At its most basic, the Internet is a wonderful way to communicate. Hit that “send” button and off goes the e-mail, trailing attachments, to everybody in the firm and beyond. No wonder companies find it a perfect way to talk to their staff. No wonder it is so useful — but also so dangerous — when staff want to talk to each other.
Over and over again, the Internet’s uses turn out to dovetail beautifully with current trends. As companies become more fragmented and their workers more geographically dispersed, managers need a way to rally the troops. In particular, they need a way to build a corporate culture: that intangible something that binds employees together and teaches them to understand instinctively the defining qualities of the business and the appropriate way to respond to any issue that confronts them. The Internet provides the means to do this.
In a stable, slow-growing and well-established company, a common culture may be easy to maintain. You take each year’s new recruits off to boot camp for a fortnight and teach them the company history. But few companies today can afford to be stable or slow-growing. Instability and speed make culture-creation harder.
In Silicon Valley, people count as old stagers if they have been with the same employer for much over a year. But rapid turnover is not the only difficulty. In many companies, the salesforce or the maintenance folk rarely come into the office. A quarter of IBM’s workforce, for instance, is now mobile — they spend at least 80% of their time off-site, usually working from home or on the road. Key people may be based in key markets abroad, a day’s air travel away from the main office. Mobility goes right to the top: Douglas Daft, chief executive of Coca-Cola, travels 80% of the time. He boasts: “The headquarters office is where I am.”
Add in mergers and takeovers, which create a need to proselytise a new bunch of employees and coax them to abandon one corporate creed for another. As companies outsource more and more activities, too, they look for ways to teach their subcontractors to share their values. And the faster things change, the more important it becomes to explain to employees what is happening, and why.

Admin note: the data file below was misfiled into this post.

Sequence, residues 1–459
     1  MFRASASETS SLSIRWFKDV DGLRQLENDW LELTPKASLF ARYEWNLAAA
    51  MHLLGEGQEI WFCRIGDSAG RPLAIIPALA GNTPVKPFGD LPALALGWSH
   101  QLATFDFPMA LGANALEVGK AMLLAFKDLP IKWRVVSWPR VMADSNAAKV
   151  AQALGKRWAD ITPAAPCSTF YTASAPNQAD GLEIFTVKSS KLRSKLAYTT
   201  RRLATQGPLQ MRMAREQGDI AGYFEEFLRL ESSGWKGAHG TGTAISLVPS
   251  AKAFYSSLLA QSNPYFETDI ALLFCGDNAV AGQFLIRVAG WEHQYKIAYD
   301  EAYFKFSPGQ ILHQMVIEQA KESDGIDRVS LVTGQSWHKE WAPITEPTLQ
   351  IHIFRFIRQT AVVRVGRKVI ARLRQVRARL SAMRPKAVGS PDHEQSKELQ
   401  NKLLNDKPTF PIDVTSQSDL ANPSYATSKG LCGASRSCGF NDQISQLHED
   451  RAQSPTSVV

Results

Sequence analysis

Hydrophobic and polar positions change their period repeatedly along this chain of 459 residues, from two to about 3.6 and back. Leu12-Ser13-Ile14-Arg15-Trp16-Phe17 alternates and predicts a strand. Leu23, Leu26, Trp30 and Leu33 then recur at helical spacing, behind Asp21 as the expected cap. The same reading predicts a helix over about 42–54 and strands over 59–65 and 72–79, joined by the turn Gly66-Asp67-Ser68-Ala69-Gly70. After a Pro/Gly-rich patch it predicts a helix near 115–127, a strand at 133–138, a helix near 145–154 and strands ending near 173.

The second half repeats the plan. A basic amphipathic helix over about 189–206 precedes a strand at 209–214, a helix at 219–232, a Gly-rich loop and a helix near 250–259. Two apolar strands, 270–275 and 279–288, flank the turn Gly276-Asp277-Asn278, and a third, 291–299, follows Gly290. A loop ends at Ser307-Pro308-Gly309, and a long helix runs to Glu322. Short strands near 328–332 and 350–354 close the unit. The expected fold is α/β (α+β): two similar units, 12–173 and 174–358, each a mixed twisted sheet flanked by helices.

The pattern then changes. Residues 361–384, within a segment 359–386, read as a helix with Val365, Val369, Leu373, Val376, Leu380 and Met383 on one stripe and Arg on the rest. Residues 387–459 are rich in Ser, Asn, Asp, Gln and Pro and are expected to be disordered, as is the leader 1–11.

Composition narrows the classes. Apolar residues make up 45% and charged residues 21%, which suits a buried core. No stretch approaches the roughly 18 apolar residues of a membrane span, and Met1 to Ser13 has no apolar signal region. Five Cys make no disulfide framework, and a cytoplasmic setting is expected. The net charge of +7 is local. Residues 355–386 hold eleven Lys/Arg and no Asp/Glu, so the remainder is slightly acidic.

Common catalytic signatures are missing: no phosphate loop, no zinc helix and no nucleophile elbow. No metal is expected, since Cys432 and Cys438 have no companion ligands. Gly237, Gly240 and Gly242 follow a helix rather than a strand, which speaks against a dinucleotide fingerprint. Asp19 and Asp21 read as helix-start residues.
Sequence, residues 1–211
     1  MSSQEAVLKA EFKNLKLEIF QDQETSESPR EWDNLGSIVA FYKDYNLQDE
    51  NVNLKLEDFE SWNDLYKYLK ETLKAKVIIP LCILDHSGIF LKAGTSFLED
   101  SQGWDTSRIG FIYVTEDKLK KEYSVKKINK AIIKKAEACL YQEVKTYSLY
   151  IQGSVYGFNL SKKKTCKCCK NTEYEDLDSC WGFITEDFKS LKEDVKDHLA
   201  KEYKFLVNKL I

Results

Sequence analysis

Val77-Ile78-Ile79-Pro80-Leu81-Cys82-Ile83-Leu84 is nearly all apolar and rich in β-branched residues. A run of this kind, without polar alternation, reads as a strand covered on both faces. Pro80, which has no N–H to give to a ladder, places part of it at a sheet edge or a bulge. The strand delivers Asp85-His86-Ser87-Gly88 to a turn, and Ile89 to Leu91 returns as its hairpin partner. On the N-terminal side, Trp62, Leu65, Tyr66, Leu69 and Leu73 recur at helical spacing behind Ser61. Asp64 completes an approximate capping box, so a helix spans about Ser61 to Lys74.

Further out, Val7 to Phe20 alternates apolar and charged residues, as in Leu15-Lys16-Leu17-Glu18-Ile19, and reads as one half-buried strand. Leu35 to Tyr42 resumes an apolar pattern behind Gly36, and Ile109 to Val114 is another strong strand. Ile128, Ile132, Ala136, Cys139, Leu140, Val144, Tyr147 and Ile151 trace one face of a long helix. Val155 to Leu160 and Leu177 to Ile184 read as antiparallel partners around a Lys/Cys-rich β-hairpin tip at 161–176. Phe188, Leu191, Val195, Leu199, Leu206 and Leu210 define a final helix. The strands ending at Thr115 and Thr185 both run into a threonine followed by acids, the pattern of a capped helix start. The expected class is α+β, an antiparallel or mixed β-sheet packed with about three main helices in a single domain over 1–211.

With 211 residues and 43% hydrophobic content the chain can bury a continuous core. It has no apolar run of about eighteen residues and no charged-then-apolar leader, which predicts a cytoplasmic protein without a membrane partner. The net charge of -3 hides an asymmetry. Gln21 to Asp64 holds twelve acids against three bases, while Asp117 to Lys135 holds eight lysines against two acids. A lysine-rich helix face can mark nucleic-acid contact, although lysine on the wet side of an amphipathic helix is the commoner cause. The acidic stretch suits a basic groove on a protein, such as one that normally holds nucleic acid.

How to do it? “In a rapidly changing and geographically distributed organisation,” observes Michael Morris, a social psychologist at Stanford’s Graduate School of Business, “you don’t have the option of the drink after work.” But you do have the Internet. More than any previous technology, it allows companies to ensure that every employee has access to the corporate news, views and vision.
Some companies use it to teach their employees (as well as suppliers and customers) their ethical code. Boeing, for instance, offers an online “ethics challenge” where employees can test their moral instincts on such delicate issues as “acceptance of business courtesies” and “the minister drops a hint”. Such applications are a way to spread a common approach throughout an organisation.
But the Internet is also a way for bosses to tell staff where they want the business to go. For example, at Ford, which claims to have the world’s largest intranet, 170,000 staff around the world are e-mailed a weekly “Let’s chat” note from Jac Nasser, the chief executive. A purpose-built newsroom maintains a website upgraded several times a day, and available to Ford’s employees around the world (in English only), as well as to those of its new acquisitions, such as Volvo.
Not only does the Internet allow managers to talk to their staff; it lets them track whether the staff are at least pretending to listen. William Nuti, president of Europe, the Middle East and Africa for Cisco Systems, a high-tech giant, produces a monthly video to send to his staff, explaining where the business is going. What happens if the staff don’t choose to watch? Well, the Internet allows you to track who opens an e-mail and when. “I know everyone who clicks on it, and those who throw it away, and I make phone calls to people, saying it’s important you watch this.” Unsurprisingly, Mr Nuti’s viewing figures are high.
But all this communication from on high can sometimes cause problems. SAP, a German business-software giant, is another company with an elaborate communications system. It allows material to be broadcast on the car radios of workers on the road, for example. The company found that middle managers objected to the chairman e-mailing all employees. Their authority had rested partly on their role as a source of information, and without it they felt exposed. As so often with Internet-driven changes, the implications of what appeared to be a simple, time-saving innovation turned out to be more complex and politically sensitive.
That sensitivity becomes more acute as communications become increasingly bottom-up as well as top-down. At Siemens, a large German company, Chittur Ramakrishnan, the chief information officer, has noticed a “very significant number of e-mails to top management. The idea of going through a secretary to get an appointment has changed. People can send e-mails to anyone and expect a response. It is very democratising.”